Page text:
ARMA Regional Briefings 2021 - Event Review
ARMA’s 2021 Regional Briefings were delivered to delegates as online webinars across three days. The sessions allowed members to tap into key updates from ARMA and the residential leasehold sector, with around 300 members logging-in from offices and homes across the country every day.
Day One: Industry Updates
The first day kicked off with Nigel Glen delivering ARMA highlights from the past year, including the milestone that ARMA members now manage twice as many homes as they did seven years ago.
Throughout 2020 ARMA provided its members and the industry with continued guidance on new ways of working during the pandemic, evident in its best practice guide which is currently on its 18th edition. At the same time, ARMA has continued to lobby government on building safety issues as part of a programme supported by several of the largest managing agents and IRPM. The industry efforts contributed to the extension of the Building Safety Fund application deadline (now 30th June), secured £5billion in funding and resulted in ARMA enjoying extensive media coverage across TV, print and radio.
There has been no let-up in 2021, with 34 MP meetings having already taken place since January. Among further targets is the increased scope of the Buidling Safety Fund (BSF) to include buildings of all heights, non-cladding funding to help manage fire-breaks and compartmentation issues and funding for unfunded EWS related works, to name a few. There has been plenty of non-cladding lobbying going on too, with bi-weekly MHCLG meetings, talks with Lord Greenhalgh and ARMA involvement in the Welsh and UK Select Committees Government on Buildings Safety Reforms.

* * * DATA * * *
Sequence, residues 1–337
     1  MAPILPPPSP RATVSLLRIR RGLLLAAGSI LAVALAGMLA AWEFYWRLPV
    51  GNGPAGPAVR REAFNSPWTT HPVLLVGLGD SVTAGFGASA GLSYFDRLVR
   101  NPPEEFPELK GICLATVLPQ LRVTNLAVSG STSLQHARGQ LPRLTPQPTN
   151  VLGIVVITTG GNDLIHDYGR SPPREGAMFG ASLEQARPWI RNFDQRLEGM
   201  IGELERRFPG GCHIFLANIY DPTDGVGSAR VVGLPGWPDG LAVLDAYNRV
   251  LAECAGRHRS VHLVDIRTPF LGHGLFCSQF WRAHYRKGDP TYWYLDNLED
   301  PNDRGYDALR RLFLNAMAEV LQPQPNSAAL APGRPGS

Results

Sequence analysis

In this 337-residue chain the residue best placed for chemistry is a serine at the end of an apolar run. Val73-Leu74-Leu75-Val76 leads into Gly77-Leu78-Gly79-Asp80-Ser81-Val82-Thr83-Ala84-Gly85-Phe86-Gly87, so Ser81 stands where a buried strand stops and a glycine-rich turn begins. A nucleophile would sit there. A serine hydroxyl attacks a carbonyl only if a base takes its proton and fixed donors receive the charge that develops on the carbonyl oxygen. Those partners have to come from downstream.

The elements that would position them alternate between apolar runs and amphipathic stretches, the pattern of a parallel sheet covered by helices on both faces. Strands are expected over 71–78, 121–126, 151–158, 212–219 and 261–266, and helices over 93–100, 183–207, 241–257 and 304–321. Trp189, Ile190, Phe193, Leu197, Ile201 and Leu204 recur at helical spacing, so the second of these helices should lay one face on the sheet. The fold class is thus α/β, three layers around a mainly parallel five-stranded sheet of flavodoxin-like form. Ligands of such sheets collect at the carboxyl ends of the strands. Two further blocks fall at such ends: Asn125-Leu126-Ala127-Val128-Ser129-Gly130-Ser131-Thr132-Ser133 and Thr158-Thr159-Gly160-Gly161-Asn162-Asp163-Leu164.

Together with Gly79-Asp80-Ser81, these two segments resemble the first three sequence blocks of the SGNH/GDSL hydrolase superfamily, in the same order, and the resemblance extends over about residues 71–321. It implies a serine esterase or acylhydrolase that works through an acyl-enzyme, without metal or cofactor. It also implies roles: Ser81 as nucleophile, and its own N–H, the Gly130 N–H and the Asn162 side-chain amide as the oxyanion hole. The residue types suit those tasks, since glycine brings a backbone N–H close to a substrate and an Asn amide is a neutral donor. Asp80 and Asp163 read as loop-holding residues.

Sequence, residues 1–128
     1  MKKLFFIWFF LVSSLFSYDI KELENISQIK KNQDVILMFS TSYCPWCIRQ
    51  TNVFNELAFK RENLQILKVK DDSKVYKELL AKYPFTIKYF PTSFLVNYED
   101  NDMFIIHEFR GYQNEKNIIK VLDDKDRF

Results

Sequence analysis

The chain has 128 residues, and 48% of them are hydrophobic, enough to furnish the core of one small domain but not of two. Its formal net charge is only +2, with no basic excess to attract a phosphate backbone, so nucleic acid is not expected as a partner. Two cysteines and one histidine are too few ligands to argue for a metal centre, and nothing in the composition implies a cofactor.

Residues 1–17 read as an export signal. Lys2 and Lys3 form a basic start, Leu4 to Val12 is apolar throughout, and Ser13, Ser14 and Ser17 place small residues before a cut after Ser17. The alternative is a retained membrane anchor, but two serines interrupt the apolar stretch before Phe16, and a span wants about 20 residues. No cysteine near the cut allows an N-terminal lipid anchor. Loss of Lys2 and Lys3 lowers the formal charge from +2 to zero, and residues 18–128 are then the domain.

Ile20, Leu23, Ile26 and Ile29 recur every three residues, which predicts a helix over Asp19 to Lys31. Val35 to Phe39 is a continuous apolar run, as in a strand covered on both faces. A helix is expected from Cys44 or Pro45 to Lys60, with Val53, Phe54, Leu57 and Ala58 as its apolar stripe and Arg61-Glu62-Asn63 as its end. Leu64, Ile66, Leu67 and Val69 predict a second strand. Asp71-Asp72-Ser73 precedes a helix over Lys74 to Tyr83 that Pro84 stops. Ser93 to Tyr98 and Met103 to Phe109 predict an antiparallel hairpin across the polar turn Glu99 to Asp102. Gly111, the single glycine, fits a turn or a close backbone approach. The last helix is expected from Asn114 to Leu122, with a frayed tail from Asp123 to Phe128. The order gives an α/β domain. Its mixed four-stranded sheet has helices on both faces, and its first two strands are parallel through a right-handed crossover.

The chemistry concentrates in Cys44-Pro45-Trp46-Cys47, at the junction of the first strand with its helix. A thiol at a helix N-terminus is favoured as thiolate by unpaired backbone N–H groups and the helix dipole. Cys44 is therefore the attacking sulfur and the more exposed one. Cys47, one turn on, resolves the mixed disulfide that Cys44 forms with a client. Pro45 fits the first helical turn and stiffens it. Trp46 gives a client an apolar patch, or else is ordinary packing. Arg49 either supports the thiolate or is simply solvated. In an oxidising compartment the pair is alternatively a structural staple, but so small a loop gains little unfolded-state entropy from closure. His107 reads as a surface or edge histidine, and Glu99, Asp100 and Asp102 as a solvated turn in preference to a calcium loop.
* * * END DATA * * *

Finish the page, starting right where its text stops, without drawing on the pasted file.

The session on the ARMA and IRPM Wellbeing Survey was co-presented by IRPM CEO Andrew Bulmer and Nigel Glen. The ‘mental health check’ report, published on Thursday, offers an insight into the wellbeing and resilience of individuals working in the sector. The findings reveal a workforce that is often overstretched and under a myriad of sometimes conflicting pressures. As a result, a significant number are uncertain of their future within the industry. The survey is intended to help employers review the adequacy of their current staff support measures and encourage more open relationships between stakeholders through improved communication and education.
Day one was rounded off with a RoPA update from Baroness Dianne Hayter, Deputy Leader of Labour Lords.
With thanks to our day one sponsor, ARMA Partner Insurety.
Day Two: Building Safety
The first session of day two saw Anthony Taylor of Revolve Risk discuss the new role of the Building Safety Manager (BSM) and what it means for managing agents. Nominated by the Appointed Person (AP), BSMs will oversee building regulations and the work of the AP. Anthony differentiated the roles of property managers and BSMs by explaining the specific competencies required of the latter. At times, a BSM may be spread across multiple buildings, and there may be a national register set up for them. Updated golden threads of information will also prove vital to the BSM’s role.
Giles Grover from the Manchester Cladiators, a co-founder of the ‘End Our Cladding Scandal’ group, highlighted the need for more open and transparent communication between managing agents and residents. He also stressed the need for clarity around Section 20 fees, emphasising this can be the difference between residents feeling certain and uncertain.